Membrane fractionation was performed as described [37] using an established method [64]. Homogenized tissue samples were suspended in 3 volumes of ice-cold extraction buffer [250 mM sorbitol; 50 mM Tris-HCl, 2 mM EDTA; pH 8.0 (HCl); immediately before use add: 5 mM DTT; 0.6% insoluble PVP; 1 mM PMSF; 10 μL/mL Protease Inhibitor Cocktail (Sigma P9599)]. The material was first centrifuged in an Eppendorf centrifuge (ThermoScientific) at 5,000g and 8,000g for 5 minutes each at 4°C to remove cell debris. The supernatant was then centrifuged at 40,000 rpm for 1 hour at 4°C in an Optima XPN-100 ultracentrifuge (Beckman Coulter) using a SW41-Ti swing-out rotor, the supernatant removed to 300 uL, and 30 uL of 10% SDS was added to the pelleted membrane fraction for protein solubilization. The samples were used for SDS-PAGE and immunoblotting, where the LRX4ΔE-FLAG, LRX4ΔE-Citrine, and the marker proteins were detected with the antibodies indicated.

Gene identifiers of genes used in this study

FER: At3G51550; RALF1:At1G02900; LRX1: At1g12040; LRX2: At1g62440; LRX3: At4g13340; LRX4: At3g24480; LRX5: At4g18670; LRX8: At3g19020; LRX10: At2g15880; LRX11: At4g33970

Supporting information

S1 Fig. Interaction of LRXs and FER in yeast-two-hybrid assays.

The yeast strain PJ69-4A was transformed with pGADT7-FERECD and pGBKT7-LRRs (encoding the LRR domain of the different LRXs as indicated), and with either of the constructs with empty plasmids for the negative controls. The clear difference in yeast growth under selective conditions (-Trp, Leu, His, Ade drop-out medium containing 5 mM 3-AT) indicates interaction of the LRX proteins with FER.


S2 Fig. Interaction of LRX1 and RALF1 in yeast.

The yeast strain PJ69-4A was transformed with pGADT7-RALF1 and pGBKT7-LRR1 or pGBKT7-LRR4, and with either of the constructs with empty plasmids for the negative controls. The clear difference in yeast growth under selective conditions (Trp, Leu, His, Ade drop-out medium) indicates interaction of the LRX proteins with RALF1.


S3 Fig. Synthetic RALF1 peptide activity.

Arabidopsis seedlings were grown for five days in liquid medium in the presence of 1 μM RALF1, which significantly inhibited root growth compared to the control plants grown without RALF1 (student T-test; n = 6; p<0.001). Error bars represent standard error of the mean.


S4 Fig. BLITZ output data.

Tobacco expressed and immunoprecipitated LRX4ΔE–FLAG is attached to the sensor resulting in a signal for bound protein. After washing to remove excess LRX4ΔE–FLAG protein. RALF1 peptide is added in different concentrations, followed by dissociation of RALF1. Association/dissociation or RALF1 depends on the concentration of applied RALF1, based on which the Kd is calculated.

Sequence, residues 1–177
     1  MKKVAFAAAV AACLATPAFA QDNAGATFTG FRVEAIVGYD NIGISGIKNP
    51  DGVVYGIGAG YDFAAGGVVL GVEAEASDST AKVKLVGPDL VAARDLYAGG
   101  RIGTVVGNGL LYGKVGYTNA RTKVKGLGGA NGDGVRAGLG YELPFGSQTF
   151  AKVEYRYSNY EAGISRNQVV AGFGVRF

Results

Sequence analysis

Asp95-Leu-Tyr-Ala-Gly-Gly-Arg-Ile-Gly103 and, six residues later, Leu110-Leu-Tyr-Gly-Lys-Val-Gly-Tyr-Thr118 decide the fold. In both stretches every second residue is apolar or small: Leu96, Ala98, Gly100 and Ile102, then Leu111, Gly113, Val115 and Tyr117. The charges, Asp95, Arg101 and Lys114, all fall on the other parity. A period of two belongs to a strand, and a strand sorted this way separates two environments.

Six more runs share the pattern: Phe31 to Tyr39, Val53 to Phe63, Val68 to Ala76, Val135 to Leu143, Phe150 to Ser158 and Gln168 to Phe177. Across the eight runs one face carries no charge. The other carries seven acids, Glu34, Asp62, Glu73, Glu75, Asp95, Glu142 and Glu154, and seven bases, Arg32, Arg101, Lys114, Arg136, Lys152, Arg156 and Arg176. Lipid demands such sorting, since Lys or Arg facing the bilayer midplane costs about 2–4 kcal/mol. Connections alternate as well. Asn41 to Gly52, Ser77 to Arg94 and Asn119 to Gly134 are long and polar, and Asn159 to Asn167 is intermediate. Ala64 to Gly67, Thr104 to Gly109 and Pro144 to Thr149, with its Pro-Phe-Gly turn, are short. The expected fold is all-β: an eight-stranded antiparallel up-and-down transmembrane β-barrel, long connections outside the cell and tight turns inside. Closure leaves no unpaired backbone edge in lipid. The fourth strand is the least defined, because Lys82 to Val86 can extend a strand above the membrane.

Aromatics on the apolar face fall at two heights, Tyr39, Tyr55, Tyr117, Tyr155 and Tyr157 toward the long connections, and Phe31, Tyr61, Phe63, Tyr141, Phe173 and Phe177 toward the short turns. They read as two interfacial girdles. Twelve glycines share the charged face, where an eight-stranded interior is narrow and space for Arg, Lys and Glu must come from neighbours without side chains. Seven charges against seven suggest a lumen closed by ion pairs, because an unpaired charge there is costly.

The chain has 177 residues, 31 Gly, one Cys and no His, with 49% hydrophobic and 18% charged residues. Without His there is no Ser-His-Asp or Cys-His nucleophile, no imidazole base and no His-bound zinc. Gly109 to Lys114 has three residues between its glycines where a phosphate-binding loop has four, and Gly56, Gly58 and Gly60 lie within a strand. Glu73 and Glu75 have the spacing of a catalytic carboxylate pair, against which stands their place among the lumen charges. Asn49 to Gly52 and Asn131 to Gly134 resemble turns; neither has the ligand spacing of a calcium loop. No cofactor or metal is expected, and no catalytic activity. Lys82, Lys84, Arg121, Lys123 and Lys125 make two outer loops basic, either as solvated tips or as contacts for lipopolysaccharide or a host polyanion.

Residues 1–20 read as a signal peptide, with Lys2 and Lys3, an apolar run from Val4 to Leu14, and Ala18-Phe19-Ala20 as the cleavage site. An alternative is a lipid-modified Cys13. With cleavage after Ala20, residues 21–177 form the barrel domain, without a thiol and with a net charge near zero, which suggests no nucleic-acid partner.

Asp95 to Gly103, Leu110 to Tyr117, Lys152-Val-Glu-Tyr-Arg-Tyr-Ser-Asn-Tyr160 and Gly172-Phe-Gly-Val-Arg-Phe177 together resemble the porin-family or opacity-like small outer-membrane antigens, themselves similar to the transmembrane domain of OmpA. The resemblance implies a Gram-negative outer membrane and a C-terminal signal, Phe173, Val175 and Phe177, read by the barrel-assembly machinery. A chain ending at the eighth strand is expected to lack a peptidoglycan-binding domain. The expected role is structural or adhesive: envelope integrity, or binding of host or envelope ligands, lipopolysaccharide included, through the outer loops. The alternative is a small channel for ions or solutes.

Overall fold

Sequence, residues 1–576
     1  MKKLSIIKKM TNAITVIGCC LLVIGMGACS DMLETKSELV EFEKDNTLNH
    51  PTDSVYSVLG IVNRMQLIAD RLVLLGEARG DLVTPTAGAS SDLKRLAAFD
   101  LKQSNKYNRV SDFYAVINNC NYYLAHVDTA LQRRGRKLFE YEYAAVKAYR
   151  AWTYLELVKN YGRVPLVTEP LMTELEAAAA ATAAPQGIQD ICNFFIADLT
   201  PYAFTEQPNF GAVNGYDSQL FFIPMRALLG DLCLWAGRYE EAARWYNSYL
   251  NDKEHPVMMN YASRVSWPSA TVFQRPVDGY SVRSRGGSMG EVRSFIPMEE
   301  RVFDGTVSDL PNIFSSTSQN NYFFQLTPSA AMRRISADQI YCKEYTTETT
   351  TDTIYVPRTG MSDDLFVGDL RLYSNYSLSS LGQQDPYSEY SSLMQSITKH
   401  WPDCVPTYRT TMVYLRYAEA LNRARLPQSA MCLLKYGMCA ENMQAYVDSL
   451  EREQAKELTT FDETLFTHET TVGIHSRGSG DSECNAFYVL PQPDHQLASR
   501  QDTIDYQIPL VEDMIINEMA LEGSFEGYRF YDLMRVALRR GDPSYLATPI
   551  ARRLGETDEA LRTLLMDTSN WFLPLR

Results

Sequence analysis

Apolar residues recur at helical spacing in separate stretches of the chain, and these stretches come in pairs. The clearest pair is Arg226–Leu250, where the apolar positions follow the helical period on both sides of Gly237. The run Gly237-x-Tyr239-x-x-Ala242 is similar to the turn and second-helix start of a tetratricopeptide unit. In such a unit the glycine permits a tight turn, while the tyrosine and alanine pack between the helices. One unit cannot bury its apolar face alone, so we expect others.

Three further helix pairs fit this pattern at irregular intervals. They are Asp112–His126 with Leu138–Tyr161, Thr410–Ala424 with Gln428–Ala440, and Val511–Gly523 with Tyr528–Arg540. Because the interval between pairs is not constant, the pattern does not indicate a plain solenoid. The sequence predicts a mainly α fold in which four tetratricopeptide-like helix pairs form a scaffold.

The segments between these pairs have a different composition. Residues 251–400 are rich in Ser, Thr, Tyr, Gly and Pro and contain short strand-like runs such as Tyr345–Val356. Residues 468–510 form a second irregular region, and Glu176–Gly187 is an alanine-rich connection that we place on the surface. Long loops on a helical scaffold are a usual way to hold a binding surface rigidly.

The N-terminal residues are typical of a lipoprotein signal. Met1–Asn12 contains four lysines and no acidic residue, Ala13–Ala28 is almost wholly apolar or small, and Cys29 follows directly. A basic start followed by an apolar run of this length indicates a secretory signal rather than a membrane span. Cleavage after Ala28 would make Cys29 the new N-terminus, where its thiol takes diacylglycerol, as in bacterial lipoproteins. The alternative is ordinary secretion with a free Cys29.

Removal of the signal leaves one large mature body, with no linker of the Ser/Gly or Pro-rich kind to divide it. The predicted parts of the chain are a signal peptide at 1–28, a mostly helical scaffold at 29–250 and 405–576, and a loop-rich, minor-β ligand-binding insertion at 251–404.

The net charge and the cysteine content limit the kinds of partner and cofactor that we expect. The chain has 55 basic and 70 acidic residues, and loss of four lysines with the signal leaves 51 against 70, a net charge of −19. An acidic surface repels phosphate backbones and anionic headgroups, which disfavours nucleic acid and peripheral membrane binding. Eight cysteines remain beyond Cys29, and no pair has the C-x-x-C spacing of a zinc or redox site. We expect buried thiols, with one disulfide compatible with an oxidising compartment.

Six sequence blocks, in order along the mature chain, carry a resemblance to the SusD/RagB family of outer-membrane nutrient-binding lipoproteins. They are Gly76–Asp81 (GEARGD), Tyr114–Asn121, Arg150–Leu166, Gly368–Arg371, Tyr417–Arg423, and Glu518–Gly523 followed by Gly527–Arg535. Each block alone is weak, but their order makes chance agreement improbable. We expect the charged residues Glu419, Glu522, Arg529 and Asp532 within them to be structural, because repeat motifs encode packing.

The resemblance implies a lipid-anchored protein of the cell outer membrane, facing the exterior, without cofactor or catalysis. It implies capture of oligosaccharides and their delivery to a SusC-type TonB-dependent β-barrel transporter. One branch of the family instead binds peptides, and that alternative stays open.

S5 Fig. LRX1ΔNT protein levels in transgenic lrx1 and lrx1 lrx2 mutants.

Root material of 10 days-old seedlings was used to detect LRX1ΔNT with the anti-cmyc antibody 9E10. Protein levels in transgenic lrx1 vary but do not correlate with the inconsistent phenotypes observed in these lines as shown in Fig 4C. Transgenic lrx1 lrx2 double mutants produce the protein but fail to complement the phenotype as shown in Fig 4C. Arrow indicates expected band of LRX1ΔNT, which runs at a much higher molecular weight than the calculated 84 kDa, due to glycosylation of the extensin domain.


S6 Fig. RT-PCR confirming expression of the transgenes.

Total RNA was extracted from 7-days old seedlings and transgene-specific RT-PCR was performed to confirm expression of the transgenes. In all experiments, Actin2 was used as endogenous control for comparable amounts of RNA in all samples and absence of contaminating genomic DNA. Genomic DNA of Actin2 results in a longer PCR product as shown. (A) Expression of LRX1 in the lrx345 triple mutant background. (B) and (C): the label LxE1 referring to the different transgenes as indicated. The lane «Col» represents genomic DNA.


S7 Fig. Complementation of lrx345 and lrx1 mutants.

(A) lrx345 triple mutant plants are smaller at flowering stage than the wild type (Col). This phenotype is complemented by the 35S:LRX1 construct. (B) The lrx1 root hair defect is complemented by the LRX chimeric constructs. Bar: 1cm (A); 0.5 mm (B).


S8 Fig. Fluorescence of AUN1D94N-YFP and MRIR240C-YFP transgenic lines.

Transgenic lines expressing MRIR240C-YFP or AUN1D94N-YFP show YFP fluorescence at the plasma membrane/cytoplasm and in the nucleus/cytoplasm, respectively. Individual root hairs (A) and entire roots (B) are shown. (B) When expressing MRIR240C-YFP, root hair growth is frequently arrested resulting in shorter root hairs (yellow arrows) whereas others grow normally (green arrows). Some root hairs still burst after some time (white arrow). Bar = 20 μm (A), 50 μm (B).


S1 Table. Molecular weight of recombinant proteins used in this study.


S1 Data. Numerical data underlying all graphs shown in figures.



We are grateful to Ueli Grossniklaus and Valeria Gagliardini for introducing SG to the BLITZ experimental procedure.